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Cholera toxin B subunit as a carrier for inducing mucosal immunity and/or peripheral tolerance

Doktorsavhandling
Författare Carola Rask
Datum för examination 2000-11-10
ISBN 91-628-4497-0
Förlagsort Göteborg
Publiceringsår 2000
Publicerad vid Institutionen för medicinsk mikrobiologi och immunologi
Språk en
Ämnesord Mucosal immunity, tolerance, atopic allergy, cholera toxin B subunit, antibody response, IgE
Ämneskategorier Immunologi inom det medicinska området

Sammanfattning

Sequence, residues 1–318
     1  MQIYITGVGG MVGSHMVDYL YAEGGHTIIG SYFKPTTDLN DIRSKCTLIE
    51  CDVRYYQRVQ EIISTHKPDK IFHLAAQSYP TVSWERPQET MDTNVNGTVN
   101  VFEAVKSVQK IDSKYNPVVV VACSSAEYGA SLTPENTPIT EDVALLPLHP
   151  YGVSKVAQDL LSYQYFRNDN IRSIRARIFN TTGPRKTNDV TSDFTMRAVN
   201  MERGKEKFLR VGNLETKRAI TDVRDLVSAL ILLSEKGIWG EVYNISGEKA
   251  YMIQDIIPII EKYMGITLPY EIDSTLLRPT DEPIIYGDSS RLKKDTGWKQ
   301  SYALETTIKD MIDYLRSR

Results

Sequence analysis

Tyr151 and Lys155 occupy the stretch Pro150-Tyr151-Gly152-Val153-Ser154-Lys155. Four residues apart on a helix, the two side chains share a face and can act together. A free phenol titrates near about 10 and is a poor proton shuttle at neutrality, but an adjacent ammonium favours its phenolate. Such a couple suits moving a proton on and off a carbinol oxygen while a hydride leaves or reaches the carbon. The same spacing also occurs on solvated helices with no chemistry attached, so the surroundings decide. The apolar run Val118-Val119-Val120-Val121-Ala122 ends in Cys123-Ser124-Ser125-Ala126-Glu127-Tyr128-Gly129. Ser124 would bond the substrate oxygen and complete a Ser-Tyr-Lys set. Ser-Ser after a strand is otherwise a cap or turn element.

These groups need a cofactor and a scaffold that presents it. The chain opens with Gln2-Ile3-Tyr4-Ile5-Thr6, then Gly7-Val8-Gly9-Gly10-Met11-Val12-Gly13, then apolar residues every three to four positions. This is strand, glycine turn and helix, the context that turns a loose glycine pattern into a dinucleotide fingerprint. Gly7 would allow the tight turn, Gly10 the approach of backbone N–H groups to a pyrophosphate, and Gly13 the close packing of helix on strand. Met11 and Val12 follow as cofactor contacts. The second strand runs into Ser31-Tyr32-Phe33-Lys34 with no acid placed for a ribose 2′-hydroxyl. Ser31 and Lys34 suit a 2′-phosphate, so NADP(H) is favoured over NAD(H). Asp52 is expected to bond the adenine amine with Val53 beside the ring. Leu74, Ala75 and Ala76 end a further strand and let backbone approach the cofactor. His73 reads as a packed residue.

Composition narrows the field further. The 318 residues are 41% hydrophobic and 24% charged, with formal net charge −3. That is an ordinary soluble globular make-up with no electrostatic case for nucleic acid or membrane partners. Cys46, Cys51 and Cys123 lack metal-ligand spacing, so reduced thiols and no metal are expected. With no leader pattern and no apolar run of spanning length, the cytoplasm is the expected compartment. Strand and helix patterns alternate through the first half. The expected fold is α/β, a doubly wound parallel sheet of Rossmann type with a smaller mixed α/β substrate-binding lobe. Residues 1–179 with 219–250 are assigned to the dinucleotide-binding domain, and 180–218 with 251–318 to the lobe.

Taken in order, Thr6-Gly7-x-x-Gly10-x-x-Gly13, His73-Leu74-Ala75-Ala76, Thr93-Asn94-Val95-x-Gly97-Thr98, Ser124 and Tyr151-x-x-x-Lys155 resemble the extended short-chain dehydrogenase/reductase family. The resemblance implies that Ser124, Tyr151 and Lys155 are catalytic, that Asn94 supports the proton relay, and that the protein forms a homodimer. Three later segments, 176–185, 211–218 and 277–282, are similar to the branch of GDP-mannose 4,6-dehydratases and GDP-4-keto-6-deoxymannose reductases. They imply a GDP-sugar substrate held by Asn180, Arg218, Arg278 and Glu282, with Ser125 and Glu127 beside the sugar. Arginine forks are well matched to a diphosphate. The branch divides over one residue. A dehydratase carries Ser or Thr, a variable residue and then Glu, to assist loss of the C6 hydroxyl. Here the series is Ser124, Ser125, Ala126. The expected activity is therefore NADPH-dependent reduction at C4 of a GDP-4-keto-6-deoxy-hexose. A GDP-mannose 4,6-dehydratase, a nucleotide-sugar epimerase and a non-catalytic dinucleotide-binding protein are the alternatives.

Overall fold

When an antigen is introduced via a mucosal route, either immunity or tolerance, or even both may be induced. Both immunity and tolerance are actively induced phenomena and both of them could have important medical implications as well as potential prophylactic or therapeutic applications. Induction of local immunity in the mucosa is an important objective of vaccines that should protect against pathogens entering via a mucosal route. By inducing tolerance, deleterious immune responses against normally harmless antigens such as autoantigens and allergens could be prevented. In this thesis, it is studied in mice whether mucosal administration of antigens physically coupled to a specific carrier protein with mucosa binding properties, Cholera toxin B subunit - a component of a registered oral cholera vaccine, would induce or modulate either or both of these phenomena.Induction of mucosal immunityThe most efficient route for stimulating local immunity in the genital tract was determined. It was shown that the vaginal route, and somewhat unexpectedly also the intranasal route were efficient for inducing antibody responses in the genital tract. These responses could be enhanced by conjugation of the antigen to CTB, prior to mucosal administration. The carrier efficacy of CTB was compared with that of the closely related protein, E. coli heat labile enterotoxin (LTB), which also has mucosa binding properties. CTB was superior to LTB as a carrier by the peroral route, but not by the intranasal or vaginal routes of immunization. It was also investigated whether CTB had adjuvant properties for simply admixed, not coupled antigens. Indeed, by the vaginal and intranasal routes of immunization, but not the peroral route of immunization, CTB was shown to increase the antibody response to the co-administered antigen.Induction of peripheral toleranceThe ability of CTB to act as a carrier for inducing tolerance to IgE mediated type I hypersensitivity reactions was studied. It was shown that peroral or intranasal administration of CTB coupled to a common dietary allergen ovalbumin (OVA), efficiently prevented the induction of IgE antibody responses in OVA allergy-sensitized animals. Even more important from a potential clinical application point of view, mucosal administration of coupled material could interfere with an already established IgE antibody response. In contrast, mucosal administration of CTB coupled to a birch pollen allergen, instead of inducing tolerance, stimulated the IgE antibody response.It is concluded that CTB is a good carrier for inducing both mucosal antibody responses and peripheral tolerance. However, as illustrated for the IgE antibody response to two allergens, there are differences depending on the nature of the antigen. Further studies need to evaluate whether the promising results in animals, of using CTB-antigen conjugates for either stimulating or suppressing the immune response, will hold true also for humans.

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